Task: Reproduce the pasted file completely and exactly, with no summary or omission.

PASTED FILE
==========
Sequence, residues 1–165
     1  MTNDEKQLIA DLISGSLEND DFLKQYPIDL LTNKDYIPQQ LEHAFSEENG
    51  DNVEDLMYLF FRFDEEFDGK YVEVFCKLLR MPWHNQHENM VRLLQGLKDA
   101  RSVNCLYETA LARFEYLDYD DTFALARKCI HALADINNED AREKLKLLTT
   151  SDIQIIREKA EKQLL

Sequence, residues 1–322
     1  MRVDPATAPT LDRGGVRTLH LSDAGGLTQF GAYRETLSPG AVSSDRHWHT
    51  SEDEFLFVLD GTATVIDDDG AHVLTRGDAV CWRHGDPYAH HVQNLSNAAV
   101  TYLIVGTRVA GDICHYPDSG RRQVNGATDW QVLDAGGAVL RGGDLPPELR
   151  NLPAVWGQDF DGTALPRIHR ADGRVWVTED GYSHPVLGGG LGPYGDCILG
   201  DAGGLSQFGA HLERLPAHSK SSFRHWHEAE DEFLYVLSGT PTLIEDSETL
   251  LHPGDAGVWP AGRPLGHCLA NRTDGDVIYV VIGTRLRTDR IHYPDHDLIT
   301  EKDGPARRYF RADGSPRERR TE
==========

Sequence, residues 1–165
     1  MTNDEKQLIA DLISGSLEND DFLKQYPIDL LTNKDYIPQQ LEHAFSEENG
    51  DNVEDLMYLF FRFDEEFDGK YVEVFCKLLR MPWHNQHENM VRLLQGLKDA
   101  RSVNCLYETA LARFEYLDYD DTFALARKCI HALADINNED AREKLKLLTT
   151  SDIQIIREKA EKQLL

Sequence, residues 1–322
     1  MRVDPATAPT LDRGGVRTLH LSDAGGLTQF GAYRETLSPG AVSSDRHWHT
    51  SEDEFLFVLD GTATVIDDDG AHVLTRGDAV CWRHGDPYAH HVQNLSNAAV
   101  TYLIVGTRVA GDICHYPDSG RRQVNGATDW QVLDAGGAVL RGGDLPPELR
   151  NLPAVWGQDF DGTALPRIHR ADGRVWVTED GYSHPVLGGG LGPYGDCILG
   201  DAGGLSQFGA HLERLPAHSK SSFRHWHEAE DEFLYVLSGT PTLIEDSETL
   251  LHPGDAGVWP AGRPLGHCLA NRTDGDVIYV VIGTRLRTDR IHYPDHDLIT
   301  EKDGPARRYF RADGSPRERR TE